Words Just Too Dirty to Say Out Loud

Discussion in 'Community' started by medea, Jul 19, 2003.

  1. medea macrumors 68030

    medea

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    Madison, Wi
    #1
    Get a bar of soap. Wash your mouth out. This is how bad our language has gotten: Only a handful of words are so foul-mouthed and truly awful that they can be considered taboo, according to the authors of the new edition of the Collins English Dictionary, which is published in Great Britain.

    In fact, there are only 16 such words left in the English language. You can guess one of them. It begins with an "f."

    London's Telegraph newspaper says the rest have been downgraded to mere "slang." In fact, these same editors predict that the asterisks writers use to soften taboo words in print will soon become an historical nicety. No ****!

    To come to this radical conclusion that there are only 16 really nasty words left in our language, the editors of the Collins English Dictionary examined hundreds of millions of words that are used by the media. The reasoning is that if a word is commonly uttered by TV reporters or written by newspaper journalists, then it's acceptable in everyday conversation. Jeremy Butterfield, the dictionary's editor, told The Telegraph, "There is a certain amount of subjectivity about this. It is not automatically the case that repeated use 'de-taboos' words. It's to do with the majority view that such-and-such a word is not acceptable. There can be new taboo words, not ones to do with body parts, but ones addressing race or sexuality."

    When we hear these bad words on television, it has an interesting effect, according to a British media watchdog group called Mediawatch-uk: It devastates our communication skills. "Far from there being a natural evolution in language, there has been a consistent effort to promote obscenity, swearing, and profanity against the wishes of most people," Mediawatch-uk said in a statement. "The effect of this on educational standards and communication skills has been devastating."

    And that's part of the point: We curse in order to shock. But we've cursed so much, it's lost it's ability to shock. There was a time not too long ago when it was just not acceptable to curse. Parents didn't swear at their kids, and kids--if they had any sense at all--didn't swear (within earshot) of their parents. Teachers didn't swear at their students. Coaches never swore--publicly. And remember those seven words that were never ever uttered on television? Yeah, you can hear them almost every night now on your favorite cable TV shows. Something has changed.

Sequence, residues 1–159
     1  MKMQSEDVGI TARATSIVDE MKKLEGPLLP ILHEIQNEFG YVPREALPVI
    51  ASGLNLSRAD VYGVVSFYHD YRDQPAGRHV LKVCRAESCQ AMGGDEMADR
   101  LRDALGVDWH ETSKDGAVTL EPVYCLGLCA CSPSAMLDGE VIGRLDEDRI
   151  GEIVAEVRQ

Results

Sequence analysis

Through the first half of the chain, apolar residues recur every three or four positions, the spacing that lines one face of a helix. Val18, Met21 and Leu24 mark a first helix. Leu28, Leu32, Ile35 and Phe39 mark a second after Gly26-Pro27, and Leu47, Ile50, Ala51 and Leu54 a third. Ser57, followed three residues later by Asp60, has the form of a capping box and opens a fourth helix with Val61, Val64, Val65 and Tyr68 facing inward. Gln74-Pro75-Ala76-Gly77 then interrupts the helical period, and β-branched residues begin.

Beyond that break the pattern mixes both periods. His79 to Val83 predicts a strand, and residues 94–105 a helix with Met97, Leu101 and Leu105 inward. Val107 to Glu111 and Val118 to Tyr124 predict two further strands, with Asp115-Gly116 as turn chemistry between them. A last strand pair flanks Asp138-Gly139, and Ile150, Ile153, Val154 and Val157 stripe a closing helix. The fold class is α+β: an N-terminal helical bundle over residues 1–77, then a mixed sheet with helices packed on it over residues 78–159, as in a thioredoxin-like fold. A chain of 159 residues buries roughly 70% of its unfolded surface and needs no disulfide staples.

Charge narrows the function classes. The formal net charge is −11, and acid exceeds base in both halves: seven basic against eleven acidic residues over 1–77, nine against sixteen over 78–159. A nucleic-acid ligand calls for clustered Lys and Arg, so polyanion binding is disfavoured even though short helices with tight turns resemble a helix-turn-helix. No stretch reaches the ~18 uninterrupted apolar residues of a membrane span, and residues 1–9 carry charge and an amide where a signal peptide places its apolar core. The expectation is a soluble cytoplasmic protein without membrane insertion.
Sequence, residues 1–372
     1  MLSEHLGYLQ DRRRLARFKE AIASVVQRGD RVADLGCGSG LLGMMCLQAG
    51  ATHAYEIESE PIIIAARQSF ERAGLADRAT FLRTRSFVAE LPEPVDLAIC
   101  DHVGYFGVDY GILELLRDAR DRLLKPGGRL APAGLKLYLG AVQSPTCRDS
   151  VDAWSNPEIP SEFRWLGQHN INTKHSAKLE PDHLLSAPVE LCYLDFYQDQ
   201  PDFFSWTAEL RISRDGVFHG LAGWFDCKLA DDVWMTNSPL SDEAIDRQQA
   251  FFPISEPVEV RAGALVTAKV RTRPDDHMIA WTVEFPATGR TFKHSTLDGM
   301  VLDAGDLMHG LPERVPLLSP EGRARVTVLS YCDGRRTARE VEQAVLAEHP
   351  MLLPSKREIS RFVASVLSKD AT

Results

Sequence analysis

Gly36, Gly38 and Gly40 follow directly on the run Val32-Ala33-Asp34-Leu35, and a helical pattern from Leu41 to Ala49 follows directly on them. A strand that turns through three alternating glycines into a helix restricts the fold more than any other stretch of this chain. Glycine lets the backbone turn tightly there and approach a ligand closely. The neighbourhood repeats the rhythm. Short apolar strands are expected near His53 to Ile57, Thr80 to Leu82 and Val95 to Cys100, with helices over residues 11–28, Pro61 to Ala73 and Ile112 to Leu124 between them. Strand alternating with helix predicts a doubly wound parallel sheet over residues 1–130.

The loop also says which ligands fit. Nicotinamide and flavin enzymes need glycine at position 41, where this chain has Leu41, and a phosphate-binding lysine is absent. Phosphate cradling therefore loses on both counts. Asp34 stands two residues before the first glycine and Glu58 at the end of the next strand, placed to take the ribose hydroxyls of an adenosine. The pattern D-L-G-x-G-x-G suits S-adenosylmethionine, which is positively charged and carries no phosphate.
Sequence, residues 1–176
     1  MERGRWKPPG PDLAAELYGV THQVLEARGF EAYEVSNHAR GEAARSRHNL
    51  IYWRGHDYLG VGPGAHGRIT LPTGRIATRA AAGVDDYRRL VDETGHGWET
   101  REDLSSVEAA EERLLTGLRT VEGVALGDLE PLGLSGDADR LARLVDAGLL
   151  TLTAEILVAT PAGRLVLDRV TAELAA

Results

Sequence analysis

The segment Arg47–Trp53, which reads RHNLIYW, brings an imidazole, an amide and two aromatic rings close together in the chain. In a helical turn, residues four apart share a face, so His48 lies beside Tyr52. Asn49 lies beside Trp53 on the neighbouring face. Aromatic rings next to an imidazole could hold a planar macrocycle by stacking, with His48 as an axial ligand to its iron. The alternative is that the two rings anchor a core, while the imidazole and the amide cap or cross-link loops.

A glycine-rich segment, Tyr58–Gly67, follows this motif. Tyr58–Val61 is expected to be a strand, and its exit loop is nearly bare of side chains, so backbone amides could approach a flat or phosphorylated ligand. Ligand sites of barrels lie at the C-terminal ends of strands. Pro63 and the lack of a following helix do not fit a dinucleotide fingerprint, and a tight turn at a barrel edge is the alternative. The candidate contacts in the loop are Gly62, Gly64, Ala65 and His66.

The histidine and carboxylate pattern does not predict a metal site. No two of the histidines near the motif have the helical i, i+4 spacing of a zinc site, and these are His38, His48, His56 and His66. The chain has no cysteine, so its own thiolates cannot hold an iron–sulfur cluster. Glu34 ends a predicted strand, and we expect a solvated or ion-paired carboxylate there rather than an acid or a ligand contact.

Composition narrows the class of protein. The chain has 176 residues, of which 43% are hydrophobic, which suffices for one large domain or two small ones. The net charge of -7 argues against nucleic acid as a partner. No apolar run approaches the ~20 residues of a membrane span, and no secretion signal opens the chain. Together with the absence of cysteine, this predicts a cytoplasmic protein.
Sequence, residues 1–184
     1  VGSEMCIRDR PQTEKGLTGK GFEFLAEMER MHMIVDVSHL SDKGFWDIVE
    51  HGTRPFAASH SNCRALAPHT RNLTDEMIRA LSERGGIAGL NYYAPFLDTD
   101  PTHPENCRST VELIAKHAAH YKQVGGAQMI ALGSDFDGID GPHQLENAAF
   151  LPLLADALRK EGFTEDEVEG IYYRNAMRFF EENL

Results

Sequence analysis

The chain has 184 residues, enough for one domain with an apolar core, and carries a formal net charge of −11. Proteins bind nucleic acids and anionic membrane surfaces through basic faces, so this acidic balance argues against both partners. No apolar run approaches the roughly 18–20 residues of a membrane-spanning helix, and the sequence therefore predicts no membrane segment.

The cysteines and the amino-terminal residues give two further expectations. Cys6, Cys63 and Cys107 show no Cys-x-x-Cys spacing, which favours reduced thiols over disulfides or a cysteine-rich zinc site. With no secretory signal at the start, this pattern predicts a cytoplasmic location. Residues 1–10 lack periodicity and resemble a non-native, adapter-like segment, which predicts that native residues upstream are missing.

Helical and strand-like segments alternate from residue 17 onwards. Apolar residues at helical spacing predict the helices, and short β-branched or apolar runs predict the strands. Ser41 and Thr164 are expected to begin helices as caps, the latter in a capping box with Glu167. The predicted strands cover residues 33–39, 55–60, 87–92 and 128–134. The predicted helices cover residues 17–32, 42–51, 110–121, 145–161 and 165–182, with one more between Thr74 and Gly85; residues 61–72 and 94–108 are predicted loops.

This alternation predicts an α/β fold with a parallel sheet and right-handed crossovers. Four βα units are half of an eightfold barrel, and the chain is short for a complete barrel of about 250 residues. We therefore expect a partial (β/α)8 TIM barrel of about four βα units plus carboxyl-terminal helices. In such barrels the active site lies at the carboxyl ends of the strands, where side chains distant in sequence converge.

James O'Connor says that what we say and how we say it is a reflection of who we are. And we don't look so fine right now. To that end, O'Connor has founded the Cuss Control Academy in Lake Forest, Illinois and written a book called "Cuss Control."

    O'Connor has devised the cure for the common curse:

    10 Tips for Taming Your Tongue
    Recognize that swearing does damage.
    Start by eliminating casual swearing.
    Think positively.
    Practice patience.
    Cope, don't cuss.
    Stop complaining.
    Seek alternative words.
    Make your point politely.
    Think of what you should have said instead.
    Work at it.

    And it never hurts to hear Mom's voice in your head telling you to mind your mouth.

    http://channels.netscape.com/ns/news/package.jsp?name=fte/taboowords/taboowords
     
  2. janey macrumors 603

    janey

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  3. job macrumors 68040

    job

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    #3
    Well, we can't really post them here now can we. ;) :p
     
  4. janey macrumors 603

    janey

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    #4
    haha true...but nobody is posting those 16 words anywhere and I'd really love to know what they are..but i have a clue as to what some of them are.
     
  5. MrMacMan macrumors 604

    MrMacMan

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    #5
    Yeah I mean some would be obvious, but 16?

    Hm... supprised they haven't been posted anywhere... :confused:
     
  6. iJon macrumors 604

    iJon

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    #6
    well after much research i found out that all 16 words start with * and end with *.

    iJon
     
  7. MrMacMan macrumors 604

    MrMacMan

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    #7
    Does the forums even have 16 asterisked words?

    I would have thought less...
     
  8. Durandal7 macrumors 68040

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    Feb 24, 2001
    #8
    I'm getting curious as to what the 16 are. I am willing to guess that almost all of them refer to genitalia.
     
  9. Abstract macrumors Penryn

    Abstract

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    #9
    C***!!! :eek: Take it to be whatever you want it to be. I think there are at least a couple of words starting with the letter "c" that always get a rise out of people.